One day I stood up bravely and told a bunch of my friends that I was resigning as General Manager of the Universe.  They laughed so hard they were crying.  (Sigh!)

Nobody believed me.  I didn’t believe me.


My way through the world seems to attract a lot of control freaks of one sort or another, as well as people who seem to want  to be told what to do, so it seems that maybe there are lessons there that are mine after all.

Maybe it’s ’cause I do have “issues” about Authority-with-a-capital-A.

It seems to me that the need for control arises out of the fear that what you want is never going to happen unless you, personally, ride herd on the thing and keep it going towards your own personal vision.

It turns your whole road into a battleground, full of other people stepping on your toes, getting in the way and not doing what they’re supposed to.   And you go into battle-mode because your fears keep telling you yours ain’t gonna happen.

You waste a whole lot of energy on that one, expending it on trying to get all these people out of your way!

The other part of that, of course, is that all the other guys are also trying to get to their desires and trying to do their vision, and you are in their way.  It makes this big, old roiling ball of crisscrossing strings that is an incredible tangle.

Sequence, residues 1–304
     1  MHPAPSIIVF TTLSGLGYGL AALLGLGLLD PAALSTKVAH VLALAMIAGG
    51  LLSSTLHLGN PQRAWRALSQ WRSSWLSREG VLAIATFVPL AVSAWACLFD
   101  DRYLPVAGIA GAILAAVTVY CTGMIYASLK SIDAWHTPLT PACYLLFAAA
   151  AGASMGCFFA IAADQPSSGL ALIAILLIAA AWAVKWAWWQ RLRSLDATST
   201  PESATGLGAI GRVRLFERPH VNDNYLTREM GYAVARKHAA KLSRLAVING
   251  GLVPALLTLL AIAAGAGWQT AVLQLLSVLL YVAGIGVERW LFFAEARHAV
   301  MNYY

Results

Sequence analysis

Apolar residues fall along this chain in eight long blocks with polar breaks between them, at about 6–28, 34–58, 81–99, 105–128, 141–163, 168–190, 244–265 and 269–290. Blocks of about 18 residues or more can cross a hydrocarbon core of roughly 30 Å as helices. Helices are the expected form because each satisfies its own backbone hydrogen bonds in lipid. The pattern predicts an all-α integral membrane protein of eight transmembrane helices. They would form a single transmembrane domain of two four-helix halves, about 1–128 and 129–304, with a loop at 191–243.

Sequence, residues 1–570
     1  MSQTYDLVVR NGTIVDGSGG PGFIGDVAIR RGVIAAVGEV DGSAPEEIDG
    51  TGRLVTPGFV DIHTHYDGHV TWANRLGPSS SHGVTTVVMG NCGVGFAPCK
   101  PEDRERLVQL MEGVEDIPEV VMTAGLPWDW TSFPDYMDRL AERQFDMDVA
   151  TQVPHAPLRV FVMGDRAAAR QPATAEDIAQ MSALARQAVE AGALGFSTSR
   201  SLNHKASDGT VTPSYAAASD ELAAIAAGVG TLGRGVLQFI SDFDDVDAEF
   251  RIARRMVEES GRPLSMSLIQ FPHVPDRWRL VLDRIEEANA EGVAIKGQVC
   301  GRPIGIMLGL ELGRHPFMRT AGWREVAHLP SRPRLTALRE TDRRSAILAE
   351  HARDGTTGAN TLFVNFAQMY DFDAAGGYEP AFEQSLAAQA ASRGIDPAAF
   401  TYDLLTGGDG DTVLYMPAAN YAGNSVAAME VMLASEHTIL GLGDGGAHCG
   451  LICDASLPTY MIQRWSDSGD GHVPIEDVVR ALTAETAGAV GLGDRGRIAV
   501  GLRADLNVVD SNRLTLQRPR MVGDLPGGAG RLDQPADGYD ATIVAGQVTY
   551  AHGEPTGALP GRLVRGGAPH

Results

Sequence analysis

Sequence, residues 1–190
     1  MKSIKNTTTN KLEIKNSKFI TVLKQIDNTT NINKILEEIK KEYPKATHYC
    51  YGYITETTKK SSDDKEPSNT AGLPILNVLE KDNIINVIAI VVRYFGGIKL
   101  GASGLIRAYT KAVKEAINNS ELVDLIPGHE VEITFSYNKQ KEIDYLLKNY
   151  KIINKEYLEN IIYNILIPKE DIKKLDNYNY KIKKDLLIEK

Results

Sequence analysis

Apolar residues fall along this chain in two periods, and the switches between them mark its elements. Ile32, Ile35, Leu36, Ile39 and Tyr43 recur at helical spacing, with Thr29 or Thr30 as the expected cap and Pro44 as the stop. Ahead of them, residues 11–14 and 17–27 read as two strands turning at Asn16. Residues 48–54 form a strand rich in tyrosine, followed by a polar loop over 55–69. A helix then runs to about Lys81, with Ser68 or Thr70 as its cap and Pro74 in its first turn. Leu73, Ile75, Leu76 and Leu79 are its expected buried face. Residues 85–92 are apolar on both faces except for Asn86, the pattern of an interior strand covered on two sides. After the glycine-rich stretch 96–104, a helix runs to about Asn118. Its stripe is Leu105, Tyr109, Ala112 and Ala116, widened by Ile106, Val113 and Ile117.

I suppose you could do Alexander’s Gordian Knot move where you whack the thing with a big old sword and bully your way on through.

The problem with that solution is you leave behind broken strings all over the ground and those strings are, every one of them, aka threads — the connections between everything in the Universe with everything else in the Universe.

They lie there writhing like a whole bunch of dying worms.  Not a pretty picture.

Battle of Issus Mosaic (from Pompeii) [PD-old-100]
Alexander, called The Great, left a mountain of skulls wherever he went.  He died early, having attained his vision, and failing to come up with some other one to take its place.

He brought great changes to his world and people learned new ways of walking as a result, and the world kept on going, growing, developing.


Alexander was also a catalyst that shook things up good, and maybe that was the gift he carried into the World.  The aka threads that Alexander cut reconnected, grew together in other ways and kept on keeping on.

Alexander, of course, was still dead but he got written up in all kinds of history books and like that and his life story gets inflicted on every wannabe billionaire who lives today.

I’m still working on it.  So’s the rest of the world…..

Here’s a YouTube video featuring the thoughts of philosopher Alan Watts, “Let Go Of Controlling Everything.”  It was published by HDvids101.

And here’s a poem:


He says he’s ready to quit:

He’s tired of the b.s. heaped on his head,

Tired of your issues and your wah-wah-wahs,

Tired of chaos and confusion.


He wants off this job that drags on and on,

An interminable rondel that goes ’round and ’round,

Apparently without end.


He’s tried, he says, tried and tried,

But it feels like he’s herding lemmings,

Trying to keep the little guys

From throwing themselves off some high plateau

Onto the rocks edging the shining sea below.